MelanomaMelanoma Symptoms

Let's Talk About the Signs and Symptoms of Melanoma

Yes, this skin cancer can be deadly. But learn how to spot it early, and the cure rate goes way up—to 98%!

    Our Pro PanelMelanoma Signs and Symptoms

    We went to top professionals in the industry to bring the most up-to-date information about signs and symptoms of melanoma.

    Ellen Marmur, M.D.

    Ellen Marmur, M.D.Associate Clinical Professor in the Departments of Dermatology and Genomics and Genetic Science

    The Mount Sinai Medical School
    New York, NY
    Steven Q. Wang, M.D.

    Steven Q. Wang, M.D.Mohs Surgeon and Director of Dermatological Surgery and Dermatology

    Memorial Sloan Kettering
    Basking Ridge, NJ
    Sancy Leachman, M.D.

    Sancy Leachman, M.D.Chair of the Department of Dermatology at Oregon Health & Science University and Director of Melanoma Research Program at Knight Cancer Institute

    Portland, OR

    Frequently Asked QuestionsMelanoma Signs and Symptoms

    I have a lot of moles. Am I more at risk for melanoma?

    Research says: The more moles you have, the higher your risk of developing the potentially deadly skin cancer. And if more than 10 of your moles are considered atypical or dysplastic nevi—non-cancerous growths that look irregular under a microscope—you’re 12 times more likely to develop melanoma. While the overwhelming majority of melanomas grow as new spots, not existing ones, these atypical moles should be watched closely for any changes.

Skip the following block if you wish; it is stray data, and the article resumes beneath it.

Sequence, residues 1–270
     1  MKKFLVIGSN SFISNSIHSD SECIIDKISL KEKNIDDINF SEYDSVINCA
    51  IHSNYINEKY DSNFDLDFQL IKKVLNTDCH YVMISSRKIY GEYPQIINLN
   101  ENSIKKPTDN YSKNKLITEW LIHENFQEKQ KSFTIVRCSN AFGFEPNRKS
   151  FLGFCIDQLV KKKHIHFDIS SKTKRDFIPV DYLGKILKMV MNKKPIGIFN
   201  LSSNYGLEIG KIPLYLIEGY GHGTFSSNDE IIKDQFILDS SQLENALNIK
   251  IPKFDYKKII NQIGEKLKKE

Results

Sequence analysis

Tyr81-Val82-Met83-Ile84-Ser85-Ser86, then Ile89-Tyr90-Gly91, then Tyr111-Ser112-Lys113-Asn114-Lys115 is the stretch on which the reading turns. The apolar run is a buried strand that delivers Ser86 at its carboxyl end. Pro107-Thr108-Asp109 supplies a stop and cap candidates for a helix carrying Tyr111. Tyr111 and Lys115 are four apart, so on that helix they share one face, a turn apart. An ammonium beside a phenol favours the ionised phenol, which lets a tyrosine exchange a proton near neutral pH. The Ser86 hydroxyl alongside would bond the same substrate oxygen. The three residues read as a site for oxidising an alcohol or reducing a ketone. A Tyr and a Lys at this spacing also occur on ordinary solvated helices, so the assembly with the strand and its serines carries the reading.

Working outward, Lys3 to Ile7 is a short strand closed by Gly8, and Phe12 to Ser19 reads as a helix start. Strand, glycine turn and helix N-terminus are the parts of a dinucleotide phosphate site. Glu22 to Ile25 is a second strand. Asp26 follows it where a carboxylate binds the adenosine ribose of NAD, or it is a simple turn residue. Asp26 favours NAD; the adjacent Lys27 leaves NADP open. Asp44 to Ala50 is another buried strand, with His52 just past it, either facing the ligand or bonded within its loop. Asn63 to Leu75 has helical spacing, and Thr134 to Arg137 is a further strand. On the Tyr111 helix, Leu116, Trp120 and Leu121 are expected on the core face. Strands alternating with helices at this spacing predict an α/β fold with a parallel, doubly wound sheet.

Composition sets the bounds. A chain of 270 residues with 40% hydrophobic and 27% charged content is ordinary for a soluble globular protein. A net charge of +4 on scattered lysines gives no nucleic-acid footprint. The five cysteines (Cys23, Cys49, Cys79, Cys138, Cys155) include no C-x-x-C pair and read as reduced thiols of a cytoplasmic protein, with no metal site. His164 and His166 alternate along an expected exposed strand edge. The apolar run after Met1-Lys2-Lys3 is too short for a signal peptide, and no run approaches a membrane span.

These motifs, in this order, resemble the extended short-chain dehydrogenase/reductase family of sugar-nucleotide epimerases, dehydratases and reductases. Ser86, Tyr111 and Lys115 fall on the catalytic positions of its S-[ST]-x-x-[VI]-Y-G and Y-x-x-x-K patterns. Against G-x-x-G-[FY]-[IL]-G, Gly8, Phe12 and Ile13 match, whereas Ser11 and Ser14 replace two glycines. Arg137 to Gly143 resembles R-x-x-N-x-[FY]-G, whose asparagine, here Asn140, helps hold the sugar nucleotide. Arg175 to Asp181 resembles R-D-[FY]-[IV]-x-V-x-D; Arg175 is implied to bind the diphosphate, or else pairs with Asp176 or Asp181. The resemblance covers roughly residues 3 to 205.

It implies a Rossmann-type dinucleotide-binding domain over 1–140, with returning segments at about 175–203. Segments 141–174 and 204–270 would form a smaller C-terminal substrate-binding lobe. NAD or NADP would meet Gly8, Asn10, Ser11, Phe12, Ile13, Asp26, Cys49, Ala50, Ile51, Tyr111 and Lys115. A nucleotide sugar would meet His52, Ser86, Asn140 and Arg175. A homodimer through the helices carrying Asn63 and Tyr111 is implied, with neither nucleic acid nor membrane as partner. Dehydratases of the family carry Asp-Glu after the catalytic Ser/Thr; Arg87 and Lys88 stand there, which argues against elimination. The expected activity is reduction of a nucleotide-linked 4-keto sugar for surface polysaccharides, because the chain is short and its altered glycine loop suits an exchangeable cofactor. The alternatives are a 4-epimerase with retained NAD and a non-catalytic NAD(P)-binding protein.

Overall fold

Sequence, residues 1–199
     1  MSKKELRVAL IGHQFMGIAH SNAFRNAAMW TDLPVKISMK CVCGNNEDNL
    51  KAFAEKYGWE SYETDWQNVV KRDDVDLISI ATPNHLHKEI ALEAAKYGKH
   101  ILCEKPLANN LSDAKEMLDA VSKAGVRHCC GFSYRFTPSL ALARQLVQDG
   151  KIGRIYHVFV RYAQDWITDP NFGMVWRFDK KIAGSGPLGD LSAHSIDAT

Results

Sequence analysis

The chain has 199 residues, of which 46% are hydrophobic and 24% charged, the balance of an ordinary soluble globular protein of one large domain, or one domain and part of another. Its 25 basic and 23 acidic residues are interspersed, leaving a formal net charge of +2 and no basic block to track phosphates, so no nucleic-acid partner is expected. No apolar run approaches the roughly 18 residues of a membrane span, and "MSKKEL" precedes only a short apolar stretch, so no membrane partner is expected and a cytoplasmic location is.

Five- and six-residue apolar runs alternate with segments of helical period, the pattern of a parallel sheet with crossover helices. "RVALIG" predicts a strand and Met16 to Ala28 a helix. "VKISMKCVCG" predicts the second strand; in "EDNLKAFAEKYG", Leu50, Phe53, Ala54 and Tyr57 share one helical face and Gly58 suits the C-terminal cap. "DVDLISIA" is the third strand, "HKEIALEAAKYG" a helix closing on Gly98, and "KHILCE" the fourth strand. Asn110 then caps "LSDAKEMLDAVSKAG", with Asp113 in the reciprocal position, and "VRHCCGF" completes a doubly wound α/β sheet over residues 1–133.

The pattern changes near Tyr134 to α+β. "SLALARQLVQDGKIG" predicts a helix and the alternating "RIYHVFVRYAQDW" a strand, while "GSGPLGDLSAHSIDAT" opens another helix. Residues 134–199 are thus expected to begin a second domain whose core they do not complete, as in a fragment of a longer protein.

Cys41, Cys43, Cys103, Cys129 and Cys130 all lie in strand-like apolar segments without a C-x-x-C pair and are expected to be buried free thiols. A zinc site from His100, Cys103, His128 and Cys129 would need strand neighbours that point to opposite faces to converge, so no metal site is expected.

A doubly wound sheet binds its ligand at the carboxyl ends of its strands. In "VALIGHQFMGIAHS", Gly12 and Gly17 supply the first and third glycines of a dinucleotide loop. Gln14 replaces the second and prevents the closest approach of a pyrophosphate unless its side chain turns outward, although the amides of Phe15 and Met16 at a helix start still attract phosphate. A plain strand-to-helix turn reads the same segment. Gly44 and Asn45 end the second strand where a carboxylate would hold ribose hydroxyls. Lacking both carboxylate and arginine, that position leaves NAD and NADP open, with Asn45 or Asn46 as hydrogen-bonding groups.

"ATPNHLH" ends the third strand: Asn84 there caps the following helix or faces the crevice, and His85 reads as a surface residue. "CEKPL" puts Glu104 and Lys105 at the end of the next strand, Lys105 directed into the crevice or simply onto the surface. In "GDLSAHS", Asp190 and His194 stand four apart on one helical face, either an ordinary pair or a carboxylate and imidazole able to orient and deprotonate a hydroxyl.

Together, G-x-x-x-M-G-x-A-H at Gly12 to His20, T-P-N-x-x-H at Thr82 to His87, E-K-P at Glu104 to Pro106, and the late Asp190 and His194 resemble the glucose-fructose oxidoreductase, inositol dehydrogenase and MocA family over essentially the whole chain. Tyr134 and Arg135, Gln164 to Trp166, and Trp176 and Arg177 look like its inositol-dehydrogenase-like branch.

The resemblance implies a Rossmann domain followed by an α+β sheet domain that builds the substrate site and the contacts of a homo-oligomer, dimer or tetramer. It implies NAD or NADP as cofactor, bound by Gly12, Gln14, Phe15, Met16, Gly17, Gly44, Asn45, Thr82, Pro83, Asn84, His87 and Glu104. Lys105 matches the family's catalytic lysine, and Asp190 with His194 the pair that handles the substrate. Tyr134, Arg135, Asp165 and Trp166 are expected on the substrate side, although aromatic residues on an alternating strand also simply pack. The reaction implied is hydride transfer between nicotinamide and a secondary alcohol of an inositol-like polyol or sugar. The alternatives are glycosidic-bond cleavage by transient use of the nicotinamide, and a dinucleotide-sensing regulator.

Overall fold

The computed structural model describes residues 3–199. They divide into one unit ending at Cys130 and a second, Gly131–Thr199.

I have a suspicious spot. Now what?

    Don’t panic, but you need to get it checked ASAP. As we’ve mentioned, early detection is your best chance at a cure. First step: Schedule an appointment with a board-certified dermatologist. He will examine the spot and do a biopsy, if necessary. If the mole is cancerous, you’ll likely be referred to a dermatologic surgeon or an oncologist to discuss treatment options.

    I had an early melanoma removed years ago. Can it grow back in the same spot?

    Yes, but it probably won’t look your original mole, and may not even be in the same place. When melanoma makes a recurrence around the initial site, it usually appears as a lump under the skin. A recurrence is more likely to happen within the first five years, but research has shown that melanoma can make a comeback even a decade or more later.

    How often should I have a skin check?

    You should monitor your own skin for any signs and symptoms of melanoma regularly, but you want to see a dermatologist annually for a professional check. This skin doc may take images of your moles to better track any changes. If you’ve had melanoma or other types of skin cancer, schedule that check every three to six months.

    Krista Bennett DeMaio

    Krista Bennett DeMaio


    Krista Bennett DeMaio is a health and beauty writer living in Huntington, NY with her husband and three daughters.